This word limit is a nightmare
Remember, your kit needs to keep you warm when it's wet (the cold literally kills - you get wet, cold and you tense up, reducing control, your reactions slow and you lose concentration) and cool when it's warm (yep, overheating does the same). It needs to balance protection with comfort as being comfortable will allow you to concentrate on the road, not on the fact that your trousers don't quite fit whilst you're sat on your bike (they were fine in the shop!) and they're currently eroding your scrotum at an alarming rate. Ensuring you can feel pegs, levers and throttle grips through your boots and gloves will afford you control, but again they must protect you if you come off. Having protection to the point where you can't feel the controls increases your chance of needing that protection.
Also bear in mind that if you're not planning on using the bike in the wet, you can get non waterproof kit and pay £30 for a waterproof oversuit, saving you cash but making it inconvenient if you have to stop when it rains.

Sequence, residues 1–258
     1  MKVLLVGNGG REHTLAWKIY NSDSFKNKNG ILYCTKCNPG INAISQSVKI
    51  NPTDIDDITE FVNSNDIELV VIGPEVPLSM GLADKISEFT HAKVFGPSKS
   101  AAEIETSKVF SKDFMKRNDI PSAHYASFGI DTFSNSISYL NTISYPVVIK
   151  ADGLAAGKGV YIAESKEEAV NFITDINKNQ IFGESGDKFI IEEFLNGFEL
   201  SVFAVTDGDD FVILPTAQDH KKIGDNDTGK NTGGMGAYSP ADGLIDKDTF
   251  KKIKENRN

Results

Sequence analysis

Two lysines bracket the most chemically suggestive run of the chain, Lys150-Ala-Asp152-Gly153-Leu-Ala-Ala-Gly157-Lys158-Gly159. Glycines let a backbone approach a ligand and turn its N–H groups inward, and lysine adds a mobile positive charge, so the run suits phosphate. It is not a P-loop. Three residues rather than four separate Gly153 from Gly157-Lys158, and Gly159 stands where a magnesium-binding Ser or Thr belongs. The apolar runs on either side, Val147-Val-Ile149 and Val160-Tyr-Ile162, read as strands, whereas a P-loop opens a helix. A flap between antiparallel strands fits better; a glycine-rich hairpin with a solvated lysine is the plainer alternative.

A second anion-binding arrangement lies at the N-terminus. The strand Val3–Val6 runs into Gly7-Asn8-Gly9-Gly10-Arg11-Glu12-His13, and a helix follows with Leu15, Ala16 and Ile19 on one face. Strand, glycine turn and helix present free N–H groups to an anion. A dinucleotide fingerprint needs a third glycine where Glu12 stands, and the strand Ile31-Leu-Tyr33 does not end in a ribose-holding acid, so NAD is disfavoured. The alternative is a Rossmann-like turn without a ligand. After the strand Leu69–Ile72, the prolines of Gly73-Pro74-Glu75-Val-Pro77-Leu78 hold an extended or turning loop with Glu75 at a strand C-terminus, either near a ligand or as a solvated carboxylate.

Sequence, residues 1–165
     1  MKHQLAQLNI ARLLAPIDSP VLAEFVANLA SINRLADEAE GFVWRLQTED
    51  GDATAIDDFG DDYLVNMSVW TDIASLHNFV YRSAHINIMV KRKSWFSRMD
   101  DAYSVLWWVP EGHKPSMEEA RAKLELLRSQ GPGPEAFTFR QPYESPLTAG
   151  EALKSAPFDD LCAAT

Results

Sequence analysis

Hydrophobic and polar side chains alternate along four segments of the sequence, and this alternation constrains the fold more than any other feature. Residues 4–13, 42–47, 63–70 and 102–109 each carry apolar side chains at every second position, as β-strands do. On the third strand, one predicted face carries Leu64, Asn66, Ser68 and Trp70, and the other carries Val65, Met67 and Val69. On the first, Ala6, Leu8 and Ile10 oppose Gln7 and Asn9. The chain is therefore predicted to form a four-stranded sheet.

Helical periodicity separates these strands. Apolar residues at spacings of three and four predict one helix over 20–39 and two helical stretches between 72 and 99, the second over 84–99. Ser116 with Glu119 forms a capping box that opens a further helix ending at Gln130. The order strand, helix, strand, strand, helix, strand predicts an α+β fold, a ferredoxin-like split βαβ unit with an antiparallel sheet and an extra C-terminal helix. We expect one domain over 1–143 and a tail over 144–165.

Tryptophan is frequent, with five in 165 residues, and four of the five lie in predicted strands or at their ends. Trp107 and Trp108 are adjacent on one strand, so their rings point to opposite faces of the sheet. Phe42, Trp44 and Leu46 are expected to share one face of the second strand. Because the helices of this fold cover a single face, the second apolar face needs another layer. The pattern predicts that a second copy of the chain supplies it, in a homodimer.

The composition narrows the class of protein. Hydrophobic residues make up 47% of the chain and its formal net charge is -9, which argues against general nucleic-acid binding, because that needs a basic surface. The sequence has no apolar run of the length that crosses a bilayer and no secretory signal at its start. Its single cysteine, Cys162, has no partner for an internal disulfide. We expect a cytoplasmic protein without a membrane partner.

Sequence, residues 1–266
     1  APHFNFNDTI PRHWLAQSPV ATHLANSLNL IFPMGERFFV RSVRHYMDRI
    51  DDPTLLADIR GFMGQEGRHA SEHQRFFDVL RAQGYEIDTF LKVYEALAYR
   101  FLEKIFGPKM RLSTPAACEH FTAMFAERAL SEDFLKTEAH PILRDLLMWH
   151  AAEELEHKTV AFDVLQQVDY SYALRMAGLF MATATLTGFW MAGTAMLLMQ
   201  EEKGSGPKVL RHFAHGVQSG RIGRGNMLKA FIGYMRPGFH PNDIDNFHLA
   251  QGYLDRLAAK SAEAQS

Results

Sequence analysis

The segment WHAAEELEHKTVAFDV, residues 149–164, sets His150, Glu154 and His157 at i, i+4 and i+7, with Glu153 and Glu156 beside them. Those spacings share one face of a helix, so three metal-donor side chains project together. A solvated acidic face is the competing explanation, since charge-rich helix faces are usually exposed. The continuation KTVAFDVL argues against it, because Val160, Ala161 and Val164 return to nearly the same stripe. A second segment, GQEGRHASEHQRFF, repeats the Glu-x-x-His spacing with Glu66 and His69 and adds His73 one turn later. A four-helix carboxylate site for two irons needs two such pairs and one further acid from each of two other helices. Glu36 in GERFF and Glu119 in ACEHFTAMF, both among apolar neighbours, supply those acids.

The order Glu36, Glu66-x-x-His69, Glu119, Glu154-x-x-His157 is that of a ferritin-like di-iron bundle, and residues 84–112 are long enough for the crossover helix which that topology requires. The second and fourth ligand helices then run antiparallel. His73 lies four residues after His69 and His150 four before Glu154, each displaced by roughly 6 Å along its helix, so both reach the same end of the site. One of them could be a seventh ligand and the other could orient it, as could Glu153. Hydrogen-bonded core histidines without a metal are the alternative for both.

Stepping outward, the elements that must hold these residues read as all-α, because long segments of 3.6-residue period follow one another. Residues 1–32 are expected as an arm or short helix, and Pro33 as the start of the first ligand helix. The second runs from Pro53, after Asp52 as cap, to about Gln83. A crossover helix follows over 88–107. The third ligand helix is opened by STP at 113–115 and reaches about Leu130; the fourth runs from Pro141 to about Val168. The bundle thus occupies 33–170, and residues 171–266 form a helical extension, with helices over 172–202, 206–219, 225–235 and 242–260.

Consider a tank bag or a top box to carry your chain and other kit in as too much weight on your back when you come off really, REALLY hurts.
Bear in mind you do often get what you pay for, but if a shop starts trying to push you into buying a £450 helmet just walk out - you don't want to go anywhere where they're not advising you in your best interests. List your city and someone will be able to advise you on honest shops.
Consider the type of crashes you're likely to have - fast crashes in a track mean you're likely to need good abrasion resistance as you slippy slide but we're not looking at that, we're looking at going from 30-0 in 0.5 seconds via the floor. Impact protection is very important as is making sure you're not carrying bulky things in pockets - a mobile phone in a pocket over your chest can cause a pneumothorax if you land on it and a screwdriver in your trouser pocket could dig through your femoral artery. The initial force will rip stitching and cheap zips apart and you'll then feel the lack of abrasion resistance - check for decent stitching (you'll know the difference when you examine various priced kit) and good zips.
If you want more specific advice on individual products, you'll have to say what sort of bike you'll be riding and also if it'll be all year or just nice weather. Commuting kit needs to be of a higher spec than occasional jaunt kit, especially from the drying out side of things.